When it comes to searching for worlds that could support extra-terrestrial life, scientists currently rely on the “low-hanging fruit” approach. Since we only know of one set of conditions under which life can thrive – i.e. what we have here on Earth – it makes sense to look for worlds that have these same conditions. These include being located within a star’s habitable zone, having a stable atmosphere, and being able to maintain liquid water on the surface.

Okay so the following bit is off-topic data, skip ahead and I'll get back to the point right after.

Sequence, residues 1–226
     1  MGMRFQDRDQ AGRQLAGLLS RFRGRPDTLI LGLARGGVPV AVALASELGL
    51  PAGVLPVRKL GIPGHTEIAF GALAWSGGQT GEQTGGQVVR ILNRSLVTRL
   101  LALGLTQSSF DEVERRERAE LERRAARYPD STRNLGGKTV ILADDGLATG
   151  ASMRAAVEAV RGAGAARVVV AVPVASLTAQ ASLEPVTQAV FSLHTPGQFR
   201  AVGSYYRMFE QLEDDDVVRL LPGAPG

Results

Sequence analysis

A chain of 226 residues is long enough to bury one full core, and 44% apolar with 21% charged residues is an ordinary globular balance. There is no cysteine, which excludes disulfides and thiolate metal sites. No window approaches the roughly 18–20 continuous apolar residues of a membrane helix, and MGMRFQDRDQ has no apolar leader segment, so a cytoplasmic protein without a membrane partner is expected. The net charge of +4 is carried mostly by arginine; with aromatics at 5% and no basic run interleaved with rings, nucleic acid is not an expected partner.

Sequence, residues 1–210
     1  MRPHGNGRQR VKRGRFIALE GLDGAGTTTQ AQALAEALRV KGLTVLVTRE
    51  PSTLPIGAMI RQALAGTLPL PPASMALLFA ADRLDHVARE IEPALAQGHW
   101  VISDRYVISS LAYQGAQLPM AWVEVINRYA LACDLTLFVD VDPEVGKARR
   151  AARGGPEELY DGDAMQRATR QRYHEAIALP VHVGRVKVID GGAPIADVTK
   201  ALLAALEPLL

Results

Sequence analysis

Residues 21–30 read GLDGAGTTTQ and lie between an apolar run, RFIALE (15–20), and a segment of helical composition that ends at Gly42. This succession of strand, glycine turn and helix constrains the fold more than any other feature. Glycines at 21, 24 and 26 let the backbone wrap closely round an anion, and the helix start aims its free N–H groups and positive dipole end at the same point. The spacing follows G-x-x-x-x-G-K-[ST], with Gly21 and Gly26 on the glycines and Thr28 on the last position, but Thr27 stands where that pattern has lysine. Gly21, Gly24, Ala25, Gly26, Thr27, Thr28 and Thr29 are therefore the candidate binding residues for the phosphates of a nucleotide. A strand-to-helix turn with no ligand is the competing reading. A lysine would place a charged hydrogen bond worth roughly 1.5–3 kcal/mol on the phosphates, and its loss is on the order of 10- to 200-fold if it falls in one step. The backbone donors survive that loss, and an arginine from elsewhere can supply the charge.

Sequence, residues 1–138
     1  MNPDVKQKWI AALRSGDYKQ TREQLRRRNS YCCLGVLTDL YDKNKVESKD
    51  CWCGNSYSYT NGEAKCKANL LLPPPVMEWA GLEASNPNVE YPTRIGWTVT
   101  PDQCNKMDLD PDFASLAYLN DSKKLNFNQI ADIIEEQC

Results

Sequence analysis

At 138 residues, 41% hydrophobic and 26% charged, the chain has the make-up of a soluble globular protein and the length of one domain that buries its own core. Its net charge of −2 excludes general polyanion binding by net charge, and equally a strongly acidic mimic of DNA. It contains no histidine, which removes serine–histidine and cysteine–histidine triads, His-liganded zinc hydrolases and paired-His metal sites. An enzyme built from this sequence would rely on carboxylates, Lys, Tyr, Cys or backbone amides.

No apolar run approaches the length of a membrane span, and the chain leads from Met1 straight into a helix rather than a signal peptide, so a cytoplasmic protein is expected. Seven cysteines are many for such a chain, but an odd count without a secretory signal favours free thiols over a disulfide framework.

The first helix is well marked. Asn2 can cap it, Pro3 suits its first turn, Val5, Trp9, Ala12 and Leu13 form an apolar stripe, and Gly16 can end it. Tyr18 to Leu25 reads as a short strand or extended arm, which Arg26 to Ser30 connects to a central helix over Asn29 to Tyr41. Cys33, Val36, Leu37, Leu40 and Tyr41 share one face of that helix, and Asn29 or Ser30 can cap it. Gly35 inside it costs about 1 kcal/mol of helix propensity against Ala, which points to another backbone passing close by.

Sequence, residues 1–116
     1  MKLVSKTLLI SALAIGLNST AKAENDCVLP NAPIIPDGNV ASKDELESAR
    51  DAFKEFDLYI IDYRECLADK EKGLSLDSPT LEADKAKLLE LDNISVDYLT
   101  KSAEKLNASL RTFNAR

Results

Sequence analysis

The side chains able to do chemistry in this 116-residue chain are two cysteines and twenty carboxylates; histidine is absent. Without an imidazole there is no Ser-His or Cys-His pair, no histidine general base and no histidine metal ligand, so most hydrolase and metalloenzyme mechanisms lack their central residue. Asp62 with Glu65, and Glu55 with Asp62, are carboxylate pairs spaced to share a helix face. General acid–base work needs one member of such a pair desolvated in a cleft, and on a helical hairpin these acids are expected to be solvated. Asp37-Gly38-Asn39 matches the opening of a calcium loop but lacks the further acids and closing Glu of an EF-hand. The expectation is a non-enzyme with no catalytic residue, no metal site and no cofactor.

A distant planet orbiting two stars, found by its warping of spacetime, has been confirmed using observations from the NASA/ESA Hubble Space Telescope. The planet’s mass caused what is known as a microlensing event, where light is bent by an object’s gravitational field. The event was observed in 2007, making this the first circumbinary planet to be confirmed following detection of a microlensing event.